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CUs In Place To Assist Federal Employees
MADISON, Wis. (9/27/13)--Credit unions, as they have done in the past, stand ready to help members and consumers who could be impacted by a possible federal government shutdown next week.
Although the shutdown is unlikely--and the economic impact would be small at first, according to a Thursday USA TODAY article--credit unions will be prepared should the situation escalate. Many federal employees are members of credit unions, and many other members receive government benefits.
"Credit unions always put members' needs first and this time is no different," John Bratsakis, president/CEO of the Maryland & DC Credit Union Association, told News Now. "We are proud that the majority of our credit unions serving government employees have products and services to assist in the event of a possible shutdown and are ready to help members cope with any financial hardships that could be a result of this.
"Many offer short term loans, will work with members to restructure loans if necessary and some offer a skip-a-payment option," he added. "Additionally, many offer free financial counseling to help members make informed decisions. Our credit unions will monitor the decision closely and will handle each situation individually to ensure the best care is given to their members."
If a shutdown were to last three to four weeks, it could do substantial harm to the economy, cutting its growth rate by half or more, Mark Zandi, chief economist for Moody's Analytics, told USA TODAY.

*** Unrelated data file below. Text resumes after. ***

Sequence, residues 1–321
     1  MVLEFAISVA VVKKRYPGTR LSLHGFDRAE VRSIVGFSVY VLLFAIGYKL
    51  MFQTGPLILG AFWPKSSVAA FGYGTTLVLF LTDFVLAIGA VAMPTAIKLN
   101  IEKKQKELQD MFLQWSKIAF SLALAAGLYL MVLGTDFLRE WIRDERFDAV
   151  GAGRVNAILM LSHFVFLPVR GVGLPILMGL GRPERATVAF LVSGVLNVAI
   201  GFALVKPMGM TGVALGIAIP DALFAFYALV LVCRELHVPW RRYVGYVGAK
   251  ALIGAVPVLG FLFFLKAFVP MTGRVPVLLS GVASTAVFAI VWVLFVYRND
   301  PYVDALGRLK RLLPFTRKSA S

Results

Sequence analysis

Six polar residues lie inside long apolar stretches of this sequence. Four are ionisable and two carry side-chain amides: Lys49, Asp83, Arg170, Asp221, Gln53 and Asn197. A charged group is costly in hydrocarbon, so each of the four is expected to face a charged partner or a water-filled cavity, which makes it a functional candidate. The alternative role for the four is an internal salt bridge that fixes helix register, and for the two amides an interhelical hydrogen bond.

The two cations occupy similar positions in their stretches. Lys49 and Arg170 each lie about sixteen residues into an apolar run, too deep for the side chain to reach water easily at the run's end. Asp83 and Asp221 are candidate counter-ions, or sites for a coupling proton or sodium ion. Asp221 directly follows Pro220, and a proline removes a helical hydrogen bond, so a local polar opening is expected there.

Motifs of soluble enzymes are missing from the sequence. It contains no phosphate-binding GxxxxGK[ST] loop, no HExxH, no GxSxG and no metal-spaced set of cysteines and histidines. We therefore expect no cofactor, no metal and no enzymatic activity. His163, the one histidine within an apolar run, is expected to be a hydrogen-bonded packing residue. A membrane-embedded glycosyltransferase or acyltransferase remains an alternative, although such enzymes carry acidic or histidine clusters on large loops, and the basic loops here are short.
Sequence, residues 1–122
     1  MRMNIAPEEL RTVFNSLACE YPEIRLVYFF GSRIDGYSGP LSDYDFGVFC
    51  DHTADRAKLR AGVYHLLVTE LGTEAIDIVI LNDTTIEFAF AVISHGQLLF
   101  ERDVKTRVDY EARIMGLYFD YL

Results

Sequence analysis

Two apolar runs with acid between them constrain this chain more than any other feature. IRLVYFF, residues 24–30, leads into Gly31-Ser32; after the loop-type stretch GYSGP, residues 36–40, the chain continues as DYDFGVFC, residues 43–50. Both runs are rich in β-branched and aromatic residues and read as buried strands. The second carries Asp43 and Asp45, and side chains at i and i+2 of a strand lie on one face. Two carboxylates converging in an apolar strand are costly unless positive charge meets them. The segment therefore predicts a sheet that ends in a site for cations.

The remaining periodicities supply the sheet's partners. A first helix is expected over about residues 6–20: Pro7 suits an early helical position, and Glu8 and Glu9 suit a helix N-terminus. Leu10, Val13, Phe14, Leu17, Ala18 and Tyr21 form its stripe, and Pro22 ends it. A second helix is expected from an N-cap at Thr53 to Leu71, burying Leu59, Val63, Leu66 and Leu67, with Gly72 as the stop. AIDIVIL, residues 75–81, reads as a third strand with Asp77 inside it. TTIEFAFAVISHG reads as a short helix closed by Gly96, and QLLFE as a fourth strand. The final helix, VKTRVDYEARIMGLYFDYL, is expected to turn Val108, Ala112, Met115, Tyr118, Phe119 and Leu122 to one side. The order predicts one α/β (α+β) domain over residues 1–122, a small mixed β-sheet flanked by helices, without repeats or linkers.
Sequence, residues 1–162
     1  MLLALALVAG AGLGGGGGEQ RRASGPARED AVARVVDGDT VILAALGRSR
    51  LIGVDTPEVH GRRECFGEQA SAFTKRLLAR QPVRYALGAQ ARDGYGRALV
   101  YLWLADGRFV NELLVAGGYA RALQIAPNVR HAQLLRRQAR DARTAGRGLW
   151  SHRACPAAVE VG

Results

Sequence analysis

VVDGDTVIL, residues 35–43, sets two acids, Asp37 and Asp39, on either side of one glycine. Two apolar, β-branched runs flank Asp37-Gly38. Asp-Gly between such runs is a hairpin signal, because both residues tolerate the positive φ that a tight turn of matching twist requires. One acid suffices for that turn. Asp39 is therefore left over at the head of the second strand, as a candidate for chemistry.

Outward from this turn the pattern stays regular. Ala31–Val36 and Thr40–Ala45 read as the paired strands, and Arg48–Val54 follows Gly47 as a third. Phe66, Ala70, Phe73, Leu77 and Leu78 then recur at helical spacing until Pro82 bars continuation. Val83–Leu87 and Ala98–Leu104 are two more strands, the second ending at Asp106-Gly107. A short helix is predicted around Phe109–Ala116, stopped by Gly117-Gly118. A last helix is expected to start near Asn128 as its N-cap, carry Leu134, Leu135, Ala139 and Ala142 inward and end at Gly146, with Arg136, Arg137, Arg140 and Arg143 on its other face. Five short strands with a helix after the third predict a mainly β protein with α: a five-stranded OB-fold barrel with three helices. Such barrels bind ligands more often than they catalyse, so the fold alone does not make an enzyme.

Some credit unions who serve government employees are already poised to take action.
"Many of our members were furloughed starting in May and we implemented 'Furlough Loans' back then and didn't start their payments until Sept. 16, which was after the last furlough date," Mike Funk, president/CEO of LibertyOne CU in Dallas, told News Now. "We also worked with our members on restructuring debt and helped advise them on things they could do to help them get through this time. We will be here for them if the government is shut down in much the same way."
Randolph-Brooks FCU (RBFCU) in Live Oak, Texas, is providing its members financial options to take care of their families in the event of government shutdown, the $5.6 billion asset credit union said in a release.
If a government shutdown occurs following the end of the government's fiscal year Sept. 30, some federal employees or benefit recipients might not be allowed to work or to receive pay until a compromise is reached. RBFCU said it will provide members with a one-time provisional credit if they are government employees or benefit payment recipients affected by the shutdown.
"These are uncertain times for our country, and we want to continue to provide our members with peace of mind when it comes to their finances," said Sonya McDonald, RBFCU senior vice president of planning and market development. "While we hope the government will resolve its budget issues, we are being proactive in providing solutions for our members in the event that a shutdown does occur."
Also, Service CU in Portsmouth, N.H., is offering a 0% loan, up to $6,000, for members who use the credit union for direct deposit of their government pay. And Belvoir FCU in Woodbridge, Va., is offering emergency loans, loan workouts, skip-a-pay and penalty-free share certificate withdrawals to members affected by a government shutdown (The Paycheck Chronicles Sept. 25). 
Providing service excellence is one of the tenets for the Credit Union National Association's, state credit union leagues' and credit unions' Unite for Good campaign toward a vision in which Americans choose credit unions as their best financial provider. The other tenets are removing barriers, and raising awareness about the value credit unions provide their members and communities.

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